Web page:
Martin, N. A. & Martin, R. (2015). Would you watch it? Creating effective and engaging video tutorials. Journal of Library & Information Services in Distance Learning, 9(1-2), 40-56. doi: 10.1080/1533290X.2014.946345

Information literacy models

Photo by Marten Newhall on Unsplash

There are several information literacy (IL) models that are available to assist with the information search process. The models recommended here are research based models, although many other IL models abound as people blend components of different models to cater for student needs.

An IL models teaches students steps to take to gain understanding of a question (Fitzgerald, 2015, p.18). Some of the more common models according to Herring (2007, p.33) are Kuhlthau’s information Search Process (ISP), the Information Literacy Planning Overview (ILPO ), Big 6 and the PLUS  model. In addition to this list there are also the NSW ISP model by the NSW Department of Education and the Guided Inquiry Design – an updated model of Kuhlthau’s ISP model.

Sometimes elements of models are combined together by TLs to enhance the learning benefits of one particular model, such the Library Learning Path (Barker, Bennett & Gittins, 2016).

All of the IL models have common elements as this table by Lupton shows:

One of the standout IL models for me is the GID, because it integrates the ISP elements of affective, cognitive and physical with the phases of Guided Inquiry and allows for the creation of the third space for students. Using GID also allows for assistance in each stage of the ISP through the zone of intervention – an area where students are unable to proceed alone or only with difficulty and require advice and assistance. (Kuhlthau, Maniotes & Caspari, 2012).

The IL model you choose to use depends on several factors – namely time, resources and school cultures. The GID model can be particularly intense on teacher resources, resources and a culture of inquiry and collaboration. The IL model needs to work for your school circumstances but O’Connell (2012) states it is the TL who is able to tie together the knowledge of the resources available – physical, community and online.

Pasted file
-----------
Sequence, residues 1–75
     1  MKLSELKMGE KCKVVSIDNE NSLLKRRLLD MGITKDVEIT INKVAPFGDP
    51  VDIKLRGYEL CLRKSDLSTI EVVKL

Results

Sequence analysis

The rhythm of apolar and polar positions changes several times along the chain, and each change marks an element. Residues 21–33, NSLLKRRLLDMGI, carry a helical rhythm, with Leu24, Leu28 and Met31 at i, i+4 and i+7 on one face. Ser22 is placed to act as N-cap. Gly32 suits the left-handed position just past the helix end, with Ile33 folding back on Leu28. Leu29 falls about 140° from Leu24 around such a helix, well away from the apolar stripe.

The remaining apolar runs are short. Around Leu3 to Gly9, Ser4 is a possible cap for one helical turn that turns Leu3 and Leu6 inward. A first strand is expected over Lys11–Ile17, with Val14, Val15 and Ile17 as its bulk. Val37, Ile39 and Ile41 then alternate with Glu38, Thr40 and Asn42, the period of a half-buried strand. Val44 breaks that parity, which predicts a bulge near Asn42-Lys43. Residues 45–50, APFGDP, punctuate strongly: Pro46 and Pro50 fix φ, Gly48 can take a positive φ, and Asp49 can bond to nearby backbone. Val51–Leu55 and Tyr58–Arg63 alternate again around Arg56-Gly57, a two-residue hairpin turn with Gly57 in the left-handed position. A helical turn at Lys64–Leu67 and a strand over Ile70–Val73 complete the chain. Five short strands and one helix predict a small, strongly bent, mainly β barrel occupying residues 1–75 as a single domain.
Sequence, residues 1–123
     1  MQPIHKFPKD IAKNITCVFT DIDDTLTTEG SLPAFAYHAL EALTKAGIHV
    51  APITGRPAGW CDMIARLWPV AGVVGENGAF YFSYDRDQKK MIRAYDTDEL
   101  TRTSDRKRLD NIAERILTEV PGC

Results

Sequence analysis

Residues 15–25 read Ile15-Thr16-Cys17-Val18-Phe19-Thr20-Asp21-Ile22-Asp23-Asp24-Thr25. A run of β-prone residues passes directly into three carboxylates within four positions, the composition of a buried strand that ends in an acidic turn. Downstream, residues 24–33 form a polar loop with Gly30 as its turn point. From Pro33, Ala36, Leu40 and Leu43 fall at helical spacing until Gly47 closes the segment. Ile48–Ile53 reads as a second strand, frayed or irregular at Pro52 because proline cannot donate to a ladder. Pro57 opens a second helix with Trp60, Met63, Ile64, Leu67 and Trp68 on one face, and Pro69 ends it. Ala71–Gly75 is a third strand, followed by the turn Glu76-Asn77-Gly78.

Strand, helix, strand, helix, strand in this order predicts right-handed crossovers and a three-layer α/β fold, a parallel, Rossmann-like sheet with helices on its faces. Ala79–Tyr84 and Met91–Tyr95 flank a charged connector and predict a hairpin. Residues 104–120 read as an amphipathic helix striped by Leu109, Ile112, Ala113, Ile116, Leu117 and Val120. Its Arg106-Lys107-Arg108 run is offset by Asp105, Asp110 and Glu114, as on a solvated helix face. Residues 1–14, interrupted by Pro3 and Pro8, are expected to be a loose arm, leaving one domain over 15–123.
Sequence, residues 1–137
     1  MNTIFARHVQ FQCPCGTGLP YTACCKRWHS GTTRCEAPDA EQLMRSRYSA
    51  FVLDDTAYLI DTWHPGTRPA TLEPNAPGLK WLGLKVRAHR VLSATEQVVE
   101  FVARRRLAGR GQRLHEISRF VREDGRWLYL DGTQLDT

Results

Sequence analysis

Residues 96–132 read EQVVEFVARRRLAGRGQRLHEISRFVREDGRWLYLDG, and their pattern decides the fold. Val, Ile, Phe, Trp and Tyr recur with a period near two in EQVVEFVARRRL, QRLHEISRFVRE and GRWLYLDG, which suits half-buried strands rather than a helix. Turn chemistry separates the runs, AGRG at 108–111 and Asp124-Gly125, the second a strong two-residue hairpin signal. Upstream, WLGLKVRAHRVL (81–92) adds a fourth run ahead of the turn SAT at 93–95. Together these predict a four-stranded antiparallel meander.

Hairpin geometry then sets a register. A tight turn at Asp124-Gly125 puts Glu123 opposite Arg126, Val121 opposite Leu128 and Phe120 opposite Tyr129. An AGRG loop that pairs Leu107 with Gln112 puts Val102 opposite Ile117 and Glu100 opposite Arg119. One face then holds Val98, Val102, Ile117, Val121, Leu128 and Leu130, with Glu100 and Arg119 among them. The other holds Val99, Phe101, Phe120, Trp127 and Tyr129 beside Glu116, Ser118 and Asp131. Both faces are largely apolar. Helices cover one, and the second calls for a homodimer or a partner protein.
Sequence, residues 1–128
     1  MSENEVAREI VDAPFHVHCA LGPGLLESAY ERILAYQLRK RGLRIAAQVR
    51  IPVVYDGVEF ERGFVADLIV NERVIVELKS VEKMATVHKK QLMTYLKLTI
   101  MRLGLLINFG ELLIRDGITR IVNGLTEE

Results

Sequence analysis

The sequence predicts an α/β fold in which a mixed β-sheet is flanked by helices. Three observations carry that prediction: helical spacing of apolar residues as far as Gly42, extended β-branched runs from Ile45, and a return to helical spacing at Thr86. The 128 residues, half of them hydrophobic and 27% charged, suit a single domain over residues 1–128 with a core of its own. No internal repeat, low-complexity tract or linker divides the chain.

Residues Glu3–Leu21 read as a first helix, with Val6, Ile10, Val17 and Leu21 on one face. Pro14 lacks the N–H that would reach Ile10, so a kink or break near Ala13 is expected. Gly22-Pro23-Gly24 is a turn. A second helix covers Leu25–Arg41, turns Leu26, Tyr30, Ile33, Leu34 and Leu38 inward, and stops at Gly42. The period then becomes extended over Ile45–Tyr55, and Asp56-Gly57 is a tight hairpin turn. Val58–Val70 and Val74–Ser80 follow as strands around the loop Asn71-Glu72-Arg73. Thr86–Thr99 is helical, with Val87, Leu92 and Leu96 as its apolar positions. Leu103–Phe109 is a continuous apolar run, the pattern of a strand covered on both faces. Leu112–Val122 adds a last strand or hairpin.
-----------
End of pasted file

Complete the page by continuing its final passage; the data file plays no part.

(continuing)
References:

Barker, L., Bennett, B., & Gittins, K. (2016).  The library. Mrs Barker’s team room [blog post]. Retrieved from https://mrsbarkerstearoom.com/?page_id=303

Fitzgerald, L. (2015). Guided inquiry in practice. Scan, 34 (4). Retrieved from https://education.nsw.gov.au/teaching-and-learning/professional-learning/scan/media/documents/vol-34/Research-Guided-inquiry-in-practice.pdf

Herring, J. (2007). Teacher librarians and the school library. In S. Ferguson (Ed.) Libraries in the twenty-first century : charting new directions in information (pp. 27-42). Wagga Wagga , NSW : Centre for Information Studies, Charles Sturt University. Retrieved from  https://www-sciencedirect-com.

Kuhlthau, C., Maniotes, L. & Caspari, A. (2012). Guided inquiry design: A framework for inquiry in your school. Retrieved from http://ebookcentral.proquest.com

Lupton, M. (2013). Inquiry pedagogy and the Australian Curriculum. Primary and Middle Years Educator, 11(2), 23-29. Retrieved from https://eprints.qut.edu.au/65829/2/65829.pdf

O’Connell, J. (2012). So you think they can learn? Scan, 31. Retrieved from https://heyjude.files.wordpress.com/2006/06/joc_scan_may-2012.pdf

What is information literacy?

Photo by Ben White on Unsplash

The Oxford Dictionary online (2019) defines literacy as:

  • The ability to read and write
  • Competence or knowledge in a specific area

Before beginning this course I had a very shallow view of literacy and agreed with the Oxford Dictionary of the definition of literacy as being able to read and write. I can also now see that literacy  also combines a competence or knowledge in a specific area and literacy now includes many areas such as: